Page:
“Bread”

by Jimmy Akin

in Bible

A reader writes:

I am an Extraordinary Minister of Holy Communion and one of the
things that grates on me is when people refer to Jesus as "the bread"
or "the wine", rather than something such as "his most precious body
and blood".  However, in scripture there are references as well that it
seems one could use to support a symbolic meaning of the Eucharist:

Luke 24:35:
Then the two recounted what had taken place on the way and how he was made known to them in the breaking of the bread.

Acts 2:42, 46:
They devoted themselves to the teaching of the apostles and to the communal life, to the breaking of the bread and to the prayers.

46
Every day they devoted themselves to meeting together in the temple area and to breaking bread in their homes. They ate their meals with exultation and sincerity of heart

Do these verses refer to the Eucharist?  If so, why would the
scripture writers use the term "bread" and not something more
descriptive of what is actually taking place?

These passages–particularly those in Acts–may refer to the Eucharist, but it is not clear to me that any of these passages, in their primary, literal signification refer to the Eucharist. The expressing "breaking bread" is a well-known idiom referring to simply eating a meal, particularly given the fact that bread was the principle constituent of diets in this period of human history–to the point that in Greek the ordinary word for bread (arton) is the same as the word for "food."

I cannot rule out the possibility that in each of these cases what is being referred to is the sharing of an ordinary meal. This is particularly the case with the one from Luke, which occurred so closely after the Crucifixion that (given that Cleopas and his companion did not recognize Jesus) it could well have been an ordinary meal rather than a celebration of the Eucharist (which Cleopas and his companion may not have been empowered to celebrate, anyway).

I thus don’t know if these texts raise the issue that you are asking about.

If they don’t, however, others do.

In 1 Corinthians 10, for example, we read:

16: The cup of blessing which we bless, is it not a
participation in the blood of Christ? The bread which we break, is it
not a participation in the body of Christ?
17: Because  there is one bread, we who are many are one body, for we all  partake of the one bread.

St. Paul clearly indicates that consuming "the bread" of the Eucharist involves "a participation in the body of Christ," so the issue of the Real Presence is not in question. He indicates that "the bread" is "the body of Christ." He is so serious about this that he warns against profaning it in the strongest terms in chapter 11:

27: Whoever, therefore, eats the bread or drinks the cup of the
Lord in an unworthy manner will be guilty of profaning the body and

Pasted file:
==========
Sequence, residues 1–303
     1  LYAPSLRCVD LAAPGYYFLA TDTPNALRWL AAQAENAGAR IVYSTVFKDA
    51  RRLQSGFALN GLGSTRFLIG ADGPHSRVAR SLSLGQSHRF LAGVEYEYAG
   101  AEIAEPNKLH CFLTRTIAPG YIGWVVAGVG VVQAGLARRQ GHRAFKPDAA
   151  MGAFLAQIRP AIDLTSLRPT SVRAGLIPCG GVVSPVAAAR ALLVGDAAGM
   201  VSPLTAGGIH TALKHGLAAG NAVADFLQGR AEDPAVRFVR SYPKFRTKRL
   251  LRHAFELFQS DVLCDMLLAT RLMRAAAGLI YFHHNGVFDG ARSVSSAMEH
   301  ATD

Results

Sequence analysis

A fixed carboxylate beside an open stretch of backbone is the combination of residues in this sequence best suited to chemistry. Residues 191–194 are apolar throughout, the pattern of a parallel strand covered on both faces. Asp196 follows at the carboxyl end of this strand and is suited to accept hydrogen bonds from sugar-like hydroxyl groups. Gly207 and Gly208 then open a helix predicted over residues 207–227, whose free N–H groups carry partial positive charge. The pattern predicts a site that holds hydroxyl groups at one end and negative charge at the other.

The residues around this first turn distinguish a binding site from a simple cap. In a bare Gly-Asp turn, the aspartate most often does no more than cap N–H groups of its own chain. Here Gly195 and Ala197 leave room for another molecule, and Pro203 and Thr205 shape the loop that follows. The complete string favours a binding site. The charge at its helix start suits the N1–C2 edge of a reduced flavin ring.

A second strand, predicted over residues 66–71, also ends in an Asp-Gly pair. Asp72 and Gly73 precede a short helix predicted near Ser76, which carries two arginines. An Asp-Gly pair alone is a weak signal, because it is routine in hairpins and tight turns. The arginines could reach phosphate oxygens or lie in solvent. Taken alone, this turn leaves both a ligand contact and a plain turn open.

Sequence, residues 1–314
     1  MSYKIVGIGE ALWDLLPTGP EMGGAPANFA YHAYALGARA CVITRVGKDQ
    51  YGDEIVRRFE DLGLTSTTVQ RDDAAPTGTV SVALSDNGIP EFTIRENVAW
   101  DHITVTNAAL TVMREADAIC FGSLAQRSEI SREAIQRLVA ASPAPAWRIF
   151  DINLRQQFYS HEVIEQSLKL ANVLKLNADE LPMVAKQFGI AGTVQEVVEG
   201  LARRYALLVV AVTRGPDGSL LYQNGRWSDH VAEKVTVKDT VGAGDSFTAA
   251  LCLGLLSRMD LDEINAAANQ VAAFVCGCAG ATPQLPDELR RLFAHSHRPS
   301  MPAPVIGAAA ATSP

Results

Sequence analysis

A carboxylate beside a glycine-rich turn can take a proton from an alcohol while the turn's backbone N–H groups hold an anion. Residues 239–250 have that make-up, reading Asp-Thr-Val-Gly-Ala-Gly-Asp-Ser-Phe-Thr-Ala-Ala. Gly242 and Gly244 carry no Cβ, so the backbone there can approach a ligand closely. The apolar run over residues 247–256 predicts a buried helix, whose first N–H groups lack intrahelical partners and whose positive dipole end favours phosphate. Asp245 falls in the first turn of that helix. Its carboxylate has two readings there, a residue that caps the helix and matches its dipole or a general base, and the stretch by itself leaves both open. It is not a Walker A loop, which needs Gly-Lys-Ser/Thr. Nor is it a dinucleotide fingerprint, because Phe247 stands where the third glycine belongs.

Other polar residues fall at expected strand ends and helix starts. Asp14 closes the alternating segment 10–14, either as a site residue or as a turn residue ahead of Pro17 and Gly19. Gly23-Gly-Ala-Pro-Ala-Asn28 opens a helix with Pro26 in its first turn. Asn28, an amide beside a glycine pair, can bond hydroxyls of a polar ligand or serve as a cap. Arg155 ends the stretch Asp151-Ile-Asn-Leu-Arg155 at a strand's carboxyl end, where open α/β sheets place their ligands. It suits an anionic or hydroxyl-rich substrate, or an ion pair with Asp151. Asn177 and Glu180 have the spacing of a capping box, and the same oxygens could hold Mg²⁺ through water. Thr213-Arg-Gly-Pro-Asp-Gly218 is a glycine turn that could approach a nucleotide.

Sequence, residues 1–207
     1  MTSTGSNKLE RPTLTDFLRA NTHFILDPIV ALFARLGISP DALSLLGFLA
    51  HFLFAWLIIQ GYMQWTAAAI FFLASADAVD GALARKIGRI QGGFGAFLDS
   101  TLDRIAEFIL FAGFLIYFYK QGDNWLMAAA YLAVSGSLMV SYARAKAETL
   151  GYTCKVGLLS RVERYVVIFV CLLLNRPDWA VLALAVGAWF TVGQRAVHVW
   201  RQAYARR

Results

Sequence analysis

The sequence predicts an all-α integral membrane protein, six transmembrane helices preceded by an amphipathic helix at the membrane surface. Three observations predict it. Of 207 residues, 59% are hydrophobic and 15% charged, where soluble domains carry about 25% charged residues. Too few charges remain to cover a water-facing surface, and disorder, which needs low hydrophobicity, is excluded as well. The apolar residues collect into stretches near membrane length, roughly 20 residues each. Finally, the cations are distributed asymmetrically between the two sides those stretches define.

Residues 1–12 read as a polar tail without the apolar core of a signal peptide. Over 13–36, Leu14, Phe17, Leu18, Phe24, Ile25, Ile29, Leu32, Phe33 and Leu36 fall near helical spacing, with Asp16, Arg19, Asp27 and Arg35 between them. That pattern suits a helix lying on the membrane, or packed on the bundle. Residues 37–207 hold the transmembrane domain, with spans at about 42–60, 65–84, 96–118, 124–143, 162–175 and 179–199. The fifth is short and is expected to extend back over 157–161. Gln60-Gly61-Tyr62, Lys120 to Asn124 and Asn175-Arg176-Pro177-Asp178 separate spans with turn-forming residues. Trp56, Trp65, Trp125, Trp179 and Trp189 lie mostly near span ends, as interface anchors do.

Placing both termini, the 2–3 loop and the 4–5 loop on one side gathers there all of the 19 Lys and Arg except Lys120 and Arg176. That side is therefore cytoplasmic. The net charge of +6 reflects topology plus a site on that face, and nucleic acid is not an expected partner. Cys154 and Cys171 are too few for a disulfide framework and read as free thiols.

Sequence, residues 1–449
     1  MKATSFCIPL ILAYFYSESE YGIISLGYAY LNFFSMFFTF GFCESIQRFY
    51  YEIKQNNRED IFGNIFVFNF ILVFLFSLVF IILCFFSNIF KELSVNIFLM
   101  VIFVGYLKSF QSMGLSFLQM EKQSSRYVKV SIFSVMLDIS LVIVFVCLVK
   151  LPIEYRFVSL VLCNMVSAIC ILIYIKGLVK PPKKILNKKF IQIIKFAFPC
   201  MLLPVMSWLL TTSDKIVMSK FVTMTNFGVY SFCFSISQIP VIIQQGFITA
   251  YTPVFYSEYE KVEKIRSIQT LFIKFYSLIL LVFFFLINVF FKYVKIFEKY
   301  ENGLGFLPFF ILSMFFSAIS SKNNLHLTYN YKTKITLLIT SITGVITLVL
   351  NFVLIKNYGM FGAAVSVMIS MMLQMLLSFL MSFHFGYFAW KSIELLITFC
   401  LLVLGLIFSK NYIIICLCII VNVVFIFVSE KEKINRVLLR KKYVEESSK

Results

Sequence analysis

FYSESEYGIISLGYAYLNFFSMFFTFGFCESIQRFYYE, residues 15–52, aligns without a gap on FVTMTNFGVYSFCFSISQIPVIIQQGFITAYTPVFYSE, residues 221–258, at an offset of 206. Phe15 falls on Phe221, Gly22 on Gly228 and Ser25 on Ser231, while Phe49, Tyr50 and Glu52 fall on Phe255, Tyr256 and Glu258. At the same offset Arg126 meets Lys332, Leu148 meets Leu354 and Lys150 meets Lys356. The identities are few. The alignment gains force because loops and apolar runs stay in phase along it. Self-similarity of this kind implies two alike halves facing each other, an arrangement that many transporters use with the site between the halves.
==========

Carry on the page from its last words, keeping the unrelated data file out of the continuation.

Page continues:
blood of the Lord.
28: Let a man examine himself, and so eat of the bread and drink of the cup.
29: For any one who eats and drinks without  discerning the body eats and drinks judgment upon himself.
30: That is why many of you are weak and ill, and some have died. 

   

Because of these biblical usages, I do not think that Catholics should scruple at references to the consecrated elements as "bread" and "wine" as long as these are understood correctly. St. Paul uses such terminology without diminishing in any way the reality of Christ’s Presence in the sacrament–to the point that he warns people against profaning it lest they die.

What one must recognize in such usages is that they are spoken (or written) according to the language of appearances rather than the language of reality. In reality, what is before us is the Body and Blood of Christ, but according to our senses–the appearances–what is before us looks and tastes like bread and wine.

God meant for us to live with both ends of this duality, held in tension: Sensing one thing but recognizing in faith the presence of something else.

Since God expects us to live with this duality, acknowledging both the appearance and the reality, and since he did not mandate a unique mode of language to accomodate the duality but instead allowed the divinely inspired Scriptures to speak of the elements according to both aspects of the duality, we must be prepared to receive and correctly understand both kinds of expressions.

Today we have a special kind of vocabulary that we can use to express the language of appearances. Philosophers call it "phenomenological language." We use phenomenological language when we describe something according to how it appears, without addressing the question of what it is. Thus we can talk about the sun rising, without failing to recognize that the Earth is a sphere (not a flat surface above which something else rises) that actually moves around the sun instead of visa versa.

In the same way, we can phenomenologically speak of the consecrated host as "bread"–the way St. Paul does–without failing to recognize the reality of the Real Presence.

We thus must be prepared to accept either phenomenological language (the language of appearances) and ontological language (the language of realities).